Make the Masa Dough:
Start with 2.2 lbs of the Masa flour. It comes in a 4.4 lb bag, so use half of it.
Skim the fat off the chicken and pork broth and discard. Gently warm the two broths. You don’t want these hot, just warmed up a bit.
Put the masa in a large bowl and add the following spices:
3 T paprika
3 T Kosher salt
1 T toasted cumin seeds (toast the seeds dry in a pan on the stove for about 2 minutes)
3 T chili powder
3 T garlic powder
Mix the masa and spices until completely blended. Add 2 cups of corn oil to the masa mixture. After adding the oil, slowly begin to work in 8 cups of the warm chicken/pork broth, a cup at a time. Work the mixture with your hands to make a dough. It should be the consistency of thick peanut butter. If it is too thick, add more warm broth, if it is too thin, add more masa.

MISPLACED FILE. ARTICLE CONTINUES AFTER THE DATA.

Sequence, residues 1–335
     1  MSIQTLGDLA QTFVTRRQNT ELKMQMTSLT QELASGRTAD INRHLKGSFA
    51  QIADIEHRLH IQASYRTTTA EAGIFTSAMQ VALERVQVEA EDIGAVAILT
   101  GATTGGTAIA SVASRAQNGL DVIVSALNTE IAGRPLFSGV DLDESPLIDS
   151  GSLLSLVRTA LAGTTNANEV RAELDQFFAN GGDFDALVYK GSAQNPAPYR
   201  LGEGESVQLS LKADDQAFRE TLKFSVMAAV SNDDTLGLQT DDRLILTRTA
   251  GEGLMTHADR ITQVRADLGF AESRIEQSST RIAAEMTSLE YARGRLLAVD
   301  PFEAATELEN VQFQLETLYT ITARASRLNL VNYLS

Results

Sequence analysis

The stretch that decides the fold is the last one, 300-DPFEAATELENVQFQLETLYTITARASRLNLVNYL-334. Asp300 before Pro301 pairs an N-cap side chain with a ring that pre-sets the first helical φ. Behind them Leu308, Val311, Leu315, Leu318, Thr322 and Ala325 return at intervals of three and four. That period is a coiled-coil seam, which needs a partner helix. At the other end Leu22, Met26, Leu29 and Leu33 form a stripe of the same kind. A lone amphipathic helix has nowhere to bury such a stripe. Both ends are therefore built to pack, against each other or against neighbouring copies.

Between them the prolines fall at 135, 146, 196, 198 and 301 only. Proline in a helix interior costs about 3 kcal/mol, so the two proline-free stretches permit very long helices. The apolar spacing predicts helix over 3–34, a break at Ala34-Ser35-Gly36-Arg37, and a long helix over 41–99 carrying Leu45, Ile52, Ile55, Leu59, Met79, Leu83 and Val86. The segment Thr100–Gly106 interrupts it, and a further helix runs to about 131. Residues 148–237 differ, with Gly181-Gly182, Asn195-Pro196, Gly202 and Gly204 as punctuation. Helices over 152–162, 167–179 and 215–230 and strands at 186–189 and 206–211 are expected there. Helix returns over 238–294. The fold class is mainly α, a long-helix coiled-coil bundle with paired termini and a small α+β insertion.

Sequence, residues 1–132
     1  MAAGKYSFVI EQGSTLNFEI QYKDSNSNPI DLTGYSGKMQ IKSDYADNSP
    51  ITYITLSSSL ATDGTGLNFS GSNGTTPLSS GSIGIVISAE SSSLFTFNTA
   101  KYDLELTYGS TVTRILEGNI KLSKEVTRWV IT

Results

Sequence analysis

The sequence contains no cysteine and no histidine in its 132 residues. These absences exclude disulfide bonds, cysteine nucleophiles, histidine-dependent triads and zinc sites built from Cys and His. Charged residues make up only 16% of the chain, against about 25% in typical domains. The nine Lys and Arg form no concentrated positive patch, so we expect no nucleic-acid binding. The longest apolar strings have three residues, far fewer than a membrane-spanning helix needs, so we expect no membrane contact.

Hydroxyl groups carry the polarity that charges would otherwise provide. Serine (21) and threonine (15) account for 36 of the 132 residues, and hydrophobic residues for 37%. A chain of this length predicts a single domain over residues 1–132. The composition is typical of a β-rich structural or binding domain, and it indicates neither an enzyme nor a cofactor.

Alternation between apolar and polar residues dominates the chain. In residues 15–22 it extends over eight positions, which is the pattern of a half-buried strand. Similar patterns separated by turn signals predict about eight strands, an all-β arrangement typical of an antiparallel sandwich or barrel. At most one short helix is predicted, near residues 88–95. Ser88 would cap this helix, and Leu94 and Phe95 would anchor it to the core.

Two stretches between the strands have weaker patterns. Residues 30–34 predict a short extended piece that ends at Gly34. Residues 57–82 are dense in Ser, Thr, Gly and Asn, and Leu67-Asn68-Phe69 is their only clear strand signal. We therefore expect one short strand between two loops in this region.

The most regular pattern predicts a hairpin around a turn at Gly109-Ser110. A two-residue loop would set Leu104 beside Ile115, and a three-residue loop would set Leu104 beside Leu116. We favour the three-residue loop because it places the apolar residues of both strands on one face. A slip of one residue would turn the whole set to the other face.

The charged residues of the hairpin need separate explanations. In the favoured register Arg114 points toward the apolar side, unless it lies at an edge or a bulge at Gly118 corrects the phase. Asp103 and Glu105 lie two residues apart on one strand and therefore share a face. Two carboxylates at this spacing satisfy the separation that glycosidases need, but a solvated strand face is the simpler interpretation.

Prepare the corn husks:
Soak the husks in a sink full of warm water (about 2 hours or overnight). You will need to carefully separate them when they get soft. Be careful not to tear or damage the corn husks.
Assemble the tamales:
After the corn husks are soft, take some of them out of the water, shake off the excess water. Lay them on a towel on the counter.
Pick up a husk and lay it across the palm of your hand with the small end toward your fingers. Scoop up about ½ c of the masa dough and spread it on the husk using either a spoon or your fingers. Place about 1 tablespoon of meat on top of the masa and roll so that the masa envelopes the filling (masa should slightly overlap itself so that the filling is encased). Fold the ends of the husk up as if wrapping a present, and tie with strings or thin strips of excess corn husks. You want the tamale parcel to stay closed for steaming.
Tamales Recipe - Steaming
Cooking Your Tamales
Steam the tamales: